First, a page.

Tomb Raider



Lara Croft has been with us in video game format since 1996 and last hit the big screen in 2003’s The Cradle Of Life. Fifteen years on and we have a very Scandinavian reboot of the hit franchise with Norwegian Roar Uthaug on directing duty and Oscar winning Swede Alicia Vikander as the slightly more conservatively dressed hero.

Thrill seeking, adrenaline junkie Lara coasts through life haunted by images of a father presumed dead by all but her. Heir to the Croft fortune she refuses to admit his demise and subsequently accept her inheritance until she’s left with no choice but to do so. But before she can a series of cryptic clues left by her father leads her on a quest to uncover the truth about his disappearance and his mysterious research into something, or someone, called Himiko and the clandestine TRINITY group.

Starting in Hong Kong Lara teams up with sailor Lu Ren who himself has his own mysteries to solve. Attempting to navigate the treacherous waters of The Devil’s Sea the pair find themselves in a race to save mankind from destruction on an island where all is not as it seems.

Tomb Raider is an exciting adventure with excellent set-pieces let down by a disappointing script and underdeveloped supporting characters. A frenetic bicycle chase through London, a storm at sea and a tense underwater sequence involving a waterfall and an old crashed plane, which is pretty much raided from Jurassic Park 2, all impress as does Alicia Vikander as Lara. She’s instantly likeable and handles the action scenes with ease, whilst bringing warmth and humanity to Lara’s troubled soul in her search for answers.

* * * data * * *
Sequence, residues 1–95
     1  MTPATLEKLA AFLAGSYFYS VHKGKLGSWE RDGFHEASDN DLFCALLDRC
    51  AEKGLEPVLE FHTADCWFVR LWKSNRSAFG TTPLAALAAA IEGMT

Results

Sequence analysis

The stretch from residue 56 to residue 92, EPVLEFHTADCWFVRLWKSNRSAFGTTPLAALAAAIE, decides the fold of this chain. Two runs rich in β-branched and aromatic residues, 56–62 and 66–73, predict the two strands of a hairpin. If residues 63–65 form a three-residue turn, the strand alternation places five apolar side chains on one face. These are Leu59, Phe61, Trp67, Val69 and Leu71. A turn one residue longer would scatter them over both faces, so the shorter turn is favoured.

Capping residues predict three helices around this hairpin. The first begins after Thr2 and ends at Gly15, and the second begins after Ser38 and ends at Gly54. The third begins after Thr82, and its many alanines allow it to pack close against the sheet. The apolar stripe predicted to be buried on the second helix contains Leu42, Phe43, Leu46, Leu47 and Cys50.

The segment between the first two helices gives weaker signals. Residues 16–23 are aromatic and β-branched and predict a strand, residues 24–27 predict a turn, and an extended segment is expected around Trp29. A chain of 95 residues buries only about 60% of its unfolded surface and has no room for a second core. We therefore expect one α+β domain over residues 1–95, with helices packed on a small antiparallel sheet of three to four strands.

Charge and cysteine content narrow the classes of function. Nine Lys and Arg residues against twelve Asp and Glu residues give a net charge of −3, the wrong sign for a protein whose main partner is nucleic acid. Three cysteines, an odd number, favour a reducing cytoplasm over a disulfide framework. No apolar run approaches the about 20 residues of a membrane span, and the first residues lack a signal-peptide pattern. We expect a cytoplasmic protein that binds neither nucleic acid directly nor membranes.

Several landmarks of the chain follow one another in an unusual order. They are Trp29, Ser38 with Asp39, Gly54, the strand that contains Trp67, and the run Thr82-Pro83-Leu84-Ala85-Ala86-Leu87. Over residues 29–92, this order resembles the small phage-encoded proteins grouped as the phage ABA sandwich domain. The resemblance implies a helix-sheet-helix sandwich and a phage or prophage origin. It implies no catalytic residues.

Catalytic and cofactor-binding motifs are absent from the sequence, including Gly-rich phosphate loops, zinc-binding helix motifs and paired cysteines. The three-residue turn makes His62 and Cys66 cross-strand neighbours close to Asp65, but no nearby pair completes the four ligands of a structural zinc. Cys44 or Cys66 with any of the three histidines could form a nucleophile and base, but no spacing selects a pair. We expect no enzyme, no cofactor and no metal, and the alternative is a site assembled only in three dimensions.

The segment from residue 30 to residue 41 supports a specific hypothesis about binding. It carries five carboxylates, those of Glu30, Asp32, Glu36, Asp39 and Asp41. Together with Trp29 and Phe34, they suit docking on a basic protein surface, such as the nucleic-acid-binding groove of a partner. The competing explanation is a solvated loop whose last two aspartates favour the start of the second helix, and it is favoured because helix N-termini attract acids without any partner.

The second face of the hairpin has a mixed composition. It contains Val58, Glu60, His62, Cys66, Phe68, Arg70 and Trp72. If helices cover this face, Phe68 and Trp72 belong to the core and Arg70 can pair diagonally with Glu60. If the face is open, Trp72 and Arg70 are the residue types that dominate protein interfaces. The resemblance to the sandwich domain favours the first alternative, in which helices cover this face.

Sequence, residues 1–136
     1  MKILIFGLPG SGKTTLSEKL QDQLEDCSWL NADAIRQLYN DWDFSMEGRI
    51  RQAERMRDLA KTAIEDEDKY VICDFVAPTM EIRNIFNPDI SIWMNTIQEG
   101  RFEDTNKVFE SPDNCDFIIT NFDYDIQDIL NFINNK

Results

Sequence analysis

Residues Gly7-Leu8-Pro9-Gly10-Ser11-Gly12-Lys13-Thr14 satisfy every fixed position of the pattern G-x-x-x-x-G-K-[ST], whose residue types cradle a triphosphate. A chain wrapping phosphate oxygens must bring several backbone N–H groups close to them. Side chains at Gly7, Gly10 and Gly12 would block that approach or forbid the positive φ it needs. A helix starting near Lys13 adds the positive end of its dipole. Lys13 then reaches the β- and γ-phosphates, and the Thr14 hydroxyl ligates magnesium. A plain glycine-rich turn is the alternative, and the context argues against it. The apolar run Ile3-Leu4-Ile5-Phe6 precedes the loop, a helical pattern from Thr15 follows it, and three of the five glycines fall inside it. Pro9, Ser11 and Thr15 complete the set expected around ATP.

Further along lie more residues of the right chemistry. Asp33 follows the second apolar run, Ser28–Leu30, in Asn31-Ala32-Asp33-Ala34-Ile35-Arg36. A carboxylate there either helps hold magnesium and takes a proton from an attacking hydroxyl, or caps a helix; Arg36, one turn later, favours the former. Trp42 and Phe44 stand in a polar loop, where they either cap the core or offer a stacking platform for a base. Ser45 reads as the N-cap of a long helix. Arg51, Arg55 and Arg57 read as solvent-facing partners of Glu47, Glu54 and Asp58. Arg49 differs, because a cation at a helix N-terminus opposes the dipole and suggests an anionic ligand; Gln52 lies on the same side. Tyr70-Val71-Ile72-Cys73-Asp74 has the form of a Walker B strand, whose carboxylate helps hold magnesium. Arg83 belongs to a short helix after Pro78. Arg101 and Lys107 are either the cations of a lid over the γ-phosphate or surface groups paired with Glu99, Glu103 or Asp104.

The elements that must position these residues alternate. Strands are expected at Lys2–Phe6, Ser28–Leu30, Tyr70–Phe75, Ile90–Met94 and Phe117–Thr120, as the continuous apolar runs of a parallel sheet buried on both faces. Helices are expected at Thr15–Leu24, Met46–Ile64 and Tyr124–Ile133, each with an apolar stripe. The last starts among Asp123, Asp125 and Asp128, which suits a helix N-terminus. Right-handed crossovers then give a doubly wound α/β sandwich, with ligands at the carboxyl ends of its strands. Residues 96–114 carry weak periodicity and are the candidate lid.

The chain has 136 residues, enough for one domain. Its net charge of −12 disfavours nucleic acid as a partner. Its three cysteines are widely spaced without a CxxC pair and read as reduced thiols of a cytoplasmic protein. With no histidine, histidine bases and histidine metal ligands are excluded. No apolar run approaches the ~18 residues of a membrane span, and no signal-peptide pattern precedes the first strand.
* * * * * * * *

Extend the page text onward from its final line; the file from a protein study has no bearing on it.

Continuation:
Walton Goggins is suitably nasty as the token villain. Slightly unhinged by his several years on a remote island he’s as ruthless as they come in his pursuit of a prize that will ultimately take him home to his family. Dominic West doesn’t have a great deal to do as Lara’s dad and it’s always nice to see Derek Jacobi and Kristin Scott Thomas even if they too have little to do.

Surprisingly violent in places, Tomb Raider fully warrants its 12A certificate. Cold blooded murder, a quite brutal drowning scene and booby traps to make grown men wince should all make you think twice about taking your young children to watch this rather grown-up film. Fans of Indiana Jones will recognise many a doff of the fedora from director Uthaug to the original archaeological adventurer. Riddles, melting faces and gaping chasms are all referenced with brazenness, but a clear affection.

Lara’s gravity defying Carl Lewis-esque long-jumping heroics and the script issues aside, Tomb Raider breathes new life into this franchise and leaves it in an excellent positon to move forward and I look forward to the next adventure.

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